Multi Currency VAT return UK

Hi All,

I run a UK based digital advertising business and we trade a lot outside the UK.

I trade in USD and GBP. Default currency is set to USD but I also process domestic transactions in GBP.

When I printing a VAT calculation worksheet, I’ve just realised that although the worksheet shows the numbers in GBP with a £ sign next to them, the actual figures are pulled through in USD.

Therefore, when I submitted my last return for a £35k refund, the 35k amount was actually a USD amount and I should have submitted a return for something in the region of £27.7k.

Fortunately, I also found that I missed off some purchase invoices which brings the refund back to the amount I’ve actually reclaimed. So no over reclaim but glad I found it when I did or it could have got out of hand.

Anyway, I wondered if I’ve set this up wrong or if there’s a way of producing a VAT worksheet that spits out the correct figures in GBP or will just have to do a manual conversion every quarter in order to ensure I reclaim the correct amount?

If you are filing your taxes in the UK, you should set base currency to GBP. Localizations for the UK are hard-coded for GBP, not USD. You can still denominate customers, suppliers, employees, and bank accounts in USD.

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Many thanks for making that clear. If I change the base currency now, that wont mess things up right with historical transactions?

Unfortunately, it could. Numbers you have entered into forms are presumed to be in the currency set as your base currency unless, for example, you are entering a sales invoice for a customer in a foreign currency. Then, the numbers are presumed to be in the customer’s currency. (This is why the currency shows in transactions.) Or, if you make a payment from a USD-denominated bank account and switch base currency to GBP, the payment remains in USD because the bank account was not changed.

I you change the base currency now, none of the numbers you entered will change. But numbers that were converted to base currency for balance-sheet purposes will change, because they will now be presented in the new base currency according to the exchange rate in effect. In some cases, you could end up with something you entered as 50 USD now being 50 GBP. But numbers like Accounts receivable balances for individual customers won’t change, because they were always in the customers’ currencies. Yet the overall Accounts receivable balance will change because the customer subaccounts will be converted to a different currency. Complex, eh?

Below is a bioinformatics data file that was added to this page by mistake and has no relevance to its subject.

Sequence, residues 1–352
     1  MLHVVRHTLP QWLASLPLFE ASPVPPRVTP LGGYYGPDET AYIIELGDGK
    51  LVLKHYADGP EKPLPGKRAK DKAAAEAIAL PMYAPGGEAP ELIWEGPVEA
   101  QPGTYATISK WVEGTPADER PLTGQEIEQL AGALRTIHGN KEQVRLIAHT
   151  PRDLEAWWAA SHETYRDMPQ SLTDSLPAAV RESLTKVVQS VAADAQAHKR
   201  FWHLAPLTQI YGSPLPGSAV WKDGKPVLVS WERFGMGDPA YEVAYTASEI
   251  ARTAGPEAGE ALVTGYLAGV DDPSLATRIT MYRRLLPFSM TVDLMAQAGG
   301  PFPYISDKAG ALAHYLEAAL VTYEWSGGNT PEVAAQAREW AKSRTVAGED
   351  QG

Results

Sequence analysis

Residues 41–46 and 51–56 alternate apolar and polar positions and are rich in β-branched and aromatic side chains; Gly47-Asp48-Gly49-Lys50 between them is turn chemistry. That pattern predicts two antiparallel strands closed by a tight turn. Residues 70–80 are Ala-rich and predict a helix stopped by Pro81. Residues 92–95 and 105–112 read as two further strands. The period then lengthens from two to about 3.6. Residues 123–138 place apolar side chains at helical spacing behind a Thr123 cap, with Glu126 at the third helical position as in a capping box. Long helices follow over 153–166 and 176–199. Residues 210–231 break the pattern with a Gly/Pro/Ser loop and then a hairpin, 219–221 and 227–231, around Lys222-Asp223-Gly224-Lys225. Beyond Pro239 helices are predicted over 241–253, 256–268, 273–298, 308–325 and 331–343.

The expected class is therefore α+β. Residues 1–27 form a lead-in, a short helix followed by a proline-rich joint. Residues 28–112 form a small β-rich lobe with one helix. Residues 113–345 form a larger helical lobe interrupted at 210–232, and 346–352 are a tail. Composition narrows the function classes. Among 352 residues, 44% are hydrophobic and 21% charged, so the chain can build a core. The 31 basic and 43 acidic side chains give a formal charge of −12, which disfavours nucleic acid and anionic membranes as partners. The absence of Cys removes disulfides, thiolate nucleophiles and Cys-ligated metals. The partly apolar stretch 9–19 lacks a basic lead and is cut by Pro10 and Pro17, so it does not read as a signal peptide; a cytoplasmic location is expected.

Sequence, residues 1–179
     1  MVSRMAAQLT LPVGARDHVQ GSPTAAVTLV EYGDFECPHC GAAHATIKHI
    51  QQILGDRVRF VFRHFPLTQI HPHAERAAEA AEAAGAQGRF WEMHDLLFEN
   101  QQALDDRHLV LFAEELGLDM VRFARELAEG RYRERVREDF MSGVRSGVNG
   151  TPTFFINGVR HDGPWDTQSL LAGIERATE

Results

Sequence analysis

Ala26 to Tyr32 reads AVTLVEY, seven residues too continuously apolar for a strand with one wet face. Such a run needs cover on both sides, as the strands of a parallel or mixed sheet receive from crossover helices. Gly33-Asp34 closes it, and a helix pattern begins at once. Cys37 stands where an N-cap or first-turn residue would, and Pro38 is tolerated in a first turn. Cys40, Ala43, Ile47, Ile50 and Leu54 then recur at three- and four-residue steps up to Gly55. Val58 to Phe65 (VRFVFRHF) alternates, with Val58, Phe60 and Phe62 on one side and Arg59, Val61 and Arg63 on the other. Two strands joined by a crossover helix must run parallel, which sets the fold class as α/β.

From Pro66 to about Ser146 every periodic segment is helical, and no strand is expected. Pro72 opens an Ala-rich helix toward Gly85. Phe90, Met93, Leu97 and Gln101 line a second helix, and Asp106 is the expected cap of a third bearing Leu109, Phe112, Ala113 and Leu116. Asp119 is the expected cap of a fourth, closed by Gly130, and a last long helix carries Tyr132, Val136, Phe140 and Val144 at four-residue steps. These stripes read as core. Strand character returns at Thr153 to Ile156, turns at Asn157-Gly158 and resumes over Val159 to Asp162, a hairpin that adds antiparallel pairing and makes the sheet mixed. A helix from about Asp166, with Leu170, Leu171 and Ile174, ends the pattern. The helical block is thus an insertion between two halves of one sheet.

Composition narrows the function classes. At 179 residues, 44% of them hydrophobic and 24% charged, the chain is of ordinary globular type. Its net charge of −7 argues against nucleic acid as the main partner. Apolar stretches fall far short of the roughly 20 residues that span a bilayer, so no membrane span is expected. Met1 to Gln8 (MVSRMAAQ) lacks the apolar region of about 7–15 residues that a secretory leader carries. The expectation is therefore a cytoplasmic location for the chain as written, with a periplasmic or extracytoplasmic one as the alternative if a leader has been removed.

You will need to be very meticulous in your conversion. Be sure to make a backup before you start. You might want to re-enter all your transactions in a new business with the correct base currency setting. At a minimum, you will need to carefully check every account balance, scan through all transaction lists, and so forth.

Coincidentally, there is another discussion going on right now on this very subject: Employee clearing account. You might find it useful.

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Brilliant, thank you - very helpful. In view of the fact that this only really applies to my VAT return I may leave as is and do a manual conversion just for the next two returns. Then in Feb, my new financial year, I will switch to a new base currency in a new business which means I only have to make sure I carry over the correct opening balances. Many thanks for your help.

That is a reasonable approach. Also an opportunity to review how well the design of your chart of accounts has worked for you, since you will be able to rid yourself of accounts you don’t like, despite having entered transactions with their predecessors. Income and expense accounts can simply be abandoned. Balance sheet accounts can be divided or combined before entering starting balances.

Rename the original business to make its archival nature clear and keep it active for looking up historical information.

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